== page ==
National Security

Veteran Who Accused Fellow Troops of War Crimes to ‘Reflect on Time in Navy’ in Speech

John Kerry once said he is 'ashamed' of military service

John Kerry
Secretary of State John Kerry / AP

Secretary of State John Kerry, who has said he is "ashamed of and hated" his time in the U.S. Navy, will speak at the U.S. Naval Academy on Tuesday on how his Navy career impacted his current approach to foreign affairs.

Kerry's surprise speech at the Naval Academy in Annapolis, Maryland, was announced late Monday. The only information provided is that the speech "will reflect on his time in the Navy, and its impact on his career in public service and approach to foreign policy."

This will not be the first time that Kerry has reflected on his time as a member of the Navy during the Vietnam War. As a leading member of the Vietnam Veterans Against the War, Kerry went public with accusations of widespread war crimes committed by his fellow soldiers during the war.

In a 1971 testimony to the Senate Foreign Relations Committee, Kerry accused his fellow military members of "war crimes committed … on a day-to-day basis with the full awareness of officers at all levels of command." Included in the accusation were stories of rape, torture, and murder by American soldiers of both Vietnamese prisoners and civilians. Kerry also said that racism was "rampant in the military."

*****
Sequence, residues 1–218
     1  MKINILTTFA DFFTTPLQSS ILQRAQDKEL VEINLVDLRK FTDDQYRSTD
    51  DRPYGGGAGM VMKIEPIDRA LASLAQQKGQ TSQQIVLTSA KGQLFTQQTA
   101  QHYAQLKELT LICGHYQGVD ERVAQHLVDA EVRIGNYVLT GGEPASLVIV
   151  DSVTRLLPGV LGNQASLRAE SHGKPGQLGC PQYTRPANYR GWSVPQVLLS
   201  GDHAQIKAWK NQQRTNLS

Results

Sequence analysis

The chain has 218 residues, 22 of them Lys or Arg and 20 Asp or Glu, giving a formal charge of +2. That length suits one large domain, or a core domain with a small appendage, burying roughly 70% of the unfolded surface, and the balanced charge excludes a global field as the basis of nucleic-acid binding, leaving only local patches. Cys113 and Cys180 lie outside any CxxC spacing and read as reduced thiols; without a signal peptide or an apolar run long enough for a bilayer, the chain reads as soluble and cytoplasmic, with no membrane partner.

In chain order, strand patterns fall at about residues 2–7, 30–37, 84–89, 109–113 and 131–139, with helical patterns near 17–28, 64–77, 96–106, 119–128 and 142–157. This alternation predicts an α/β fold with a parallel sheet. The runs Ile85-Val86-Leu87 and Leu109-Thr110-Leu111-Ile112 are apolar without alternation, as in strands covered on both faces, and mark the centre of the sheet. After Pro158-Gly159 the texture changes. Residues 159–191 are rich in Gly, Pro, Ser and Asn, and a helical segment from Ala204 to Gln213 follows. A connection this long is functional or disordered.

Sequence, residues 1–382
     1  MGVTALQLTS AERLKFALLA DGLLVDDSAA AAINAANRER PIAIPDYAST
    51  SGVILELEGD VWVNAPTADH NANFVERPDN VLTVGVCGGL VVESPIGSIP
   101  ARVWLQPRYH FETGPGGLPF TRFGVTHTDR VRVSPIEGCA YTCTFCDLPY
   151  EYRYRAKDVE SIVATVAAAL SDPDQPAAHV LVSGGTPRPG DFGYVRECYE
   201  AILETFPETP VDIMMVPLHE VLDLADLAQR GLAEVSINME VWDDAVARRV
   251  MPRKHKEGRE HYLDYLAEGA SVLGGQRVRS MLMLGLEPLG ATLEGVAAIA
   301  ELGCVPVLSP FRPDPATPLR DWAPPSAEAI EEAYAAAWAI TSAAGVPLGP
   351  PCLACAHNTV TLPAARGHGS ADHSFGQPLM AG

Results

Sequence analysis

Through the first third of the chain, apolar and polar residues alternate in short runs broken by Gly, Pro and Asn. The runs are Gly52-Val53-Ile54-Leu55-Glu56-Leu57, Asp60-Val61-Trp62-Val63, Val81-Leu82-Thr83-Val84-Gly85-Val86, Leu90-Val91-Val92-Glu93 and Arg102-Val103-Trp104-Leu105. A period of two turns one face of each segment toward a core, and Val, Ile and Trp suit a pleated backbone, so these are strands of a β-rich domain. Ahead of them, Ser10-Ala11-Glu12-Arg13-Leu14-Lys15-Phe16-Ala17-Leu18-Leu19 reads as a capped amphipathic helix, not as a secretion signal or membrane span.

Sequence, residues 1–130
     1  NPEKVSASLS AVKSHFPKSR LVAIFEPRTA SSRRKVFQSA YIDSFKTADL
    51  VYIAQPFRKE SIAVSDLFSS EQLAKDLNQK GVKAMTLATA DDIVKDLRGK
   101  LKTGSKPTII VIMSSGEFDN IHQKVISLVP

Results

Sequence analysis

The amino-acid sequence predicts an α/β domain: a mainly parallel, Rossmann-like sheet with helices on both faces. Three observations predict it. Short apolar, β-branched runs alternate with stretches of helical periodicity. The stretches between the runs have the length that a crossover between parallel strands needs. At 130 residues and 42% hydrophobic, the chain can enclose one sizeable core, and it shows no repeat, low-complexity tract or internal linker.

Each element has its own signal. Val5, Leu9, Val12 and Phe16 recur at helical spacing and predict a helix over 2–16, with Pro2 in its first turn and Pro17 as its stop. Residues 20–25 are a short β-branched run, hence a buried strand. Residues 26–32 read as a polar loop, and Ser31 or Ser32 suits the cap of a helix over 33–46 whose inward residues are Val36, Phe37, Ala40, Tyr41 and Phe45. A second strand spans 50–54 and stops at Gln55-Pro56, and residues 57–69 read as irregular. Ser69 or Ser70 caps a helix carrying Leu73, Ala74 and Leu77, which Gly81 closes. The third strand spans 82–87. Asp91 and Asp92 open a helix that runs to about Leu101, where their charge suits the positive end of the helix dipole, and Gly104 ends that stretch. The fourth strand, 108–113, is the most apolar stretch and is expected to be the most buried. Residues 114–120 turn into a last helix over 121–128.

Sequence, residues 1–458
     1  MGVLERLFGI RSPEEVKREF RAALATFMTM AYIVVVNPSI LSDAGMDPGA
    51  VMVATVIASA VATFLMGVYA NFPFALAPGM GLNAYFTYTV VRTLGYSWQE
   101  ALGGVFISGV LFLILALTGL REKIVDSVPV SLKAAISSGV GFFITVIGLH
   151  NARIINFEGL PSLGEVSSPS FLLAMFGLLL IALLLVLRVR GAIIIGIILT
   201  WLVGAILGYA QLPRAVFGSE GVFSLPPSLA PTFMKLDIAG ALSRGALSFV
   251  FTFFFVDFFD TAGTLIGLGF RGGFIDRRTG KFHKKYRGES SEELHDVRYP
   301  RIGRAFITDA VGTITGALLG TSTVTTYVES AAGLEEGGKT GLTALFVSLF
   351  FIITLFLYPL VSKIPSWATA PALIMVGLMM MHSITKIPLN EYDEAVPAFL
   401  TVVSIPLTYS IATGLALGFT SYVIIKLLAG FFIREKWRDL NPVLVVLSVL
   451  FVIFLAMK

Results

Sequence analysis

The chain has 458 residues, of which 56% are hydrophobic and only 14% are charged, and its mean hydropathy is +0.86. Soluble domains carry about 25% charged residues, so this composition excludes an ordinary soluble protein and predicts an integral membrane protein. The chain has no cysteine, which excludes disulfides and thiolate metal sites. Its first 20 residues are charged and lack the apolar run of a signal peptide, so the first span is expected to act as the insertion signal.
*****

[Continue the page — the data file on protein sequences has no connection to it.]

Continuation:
"We cannot consider ourselves America’s best men when we are ashamed of and hated what we were called on to do in Southeast Asia," Kerry said.

Kerry said America had created "a monster" and that he saw military members' crimes as a greater threat to the United States than communism.

"The country doesn’t know it yet, but it has created a monster, a monster in the form of millions of men who have been taught to deal and to trade in violence, and who are given the chance to die for the biggest nothing in history," Kerry said.

"We could not tell what went on in Vietnam, but we feel because of what threatens this country, the fact that the crimes threaten it, not reds, and not redcoats but the crimes which we are committing that threaten it, that we have to speak out," he said.

An official investigation following the testimony found that many of the accusations voiced by Kerry were false. Some veterans said Kerry had coached them into telling their stories of atrocities.

Kerry has also been accused by historians of falling for propaganda put out by the Soviet Union, which operated a massive misinformation campaign to boost the anti-war movement in the United States.

Kerry said in 1971 that he returned the military medals that he was awarded for serving in Vietnam. Witnesses say that Kerry was seen throwing his medals over a fence during a Vietnam Veterans Against the War protest at the U.S. Capitol.

Later during his political career Kerry said that it was not his medals that he threw, but other veterans' medals.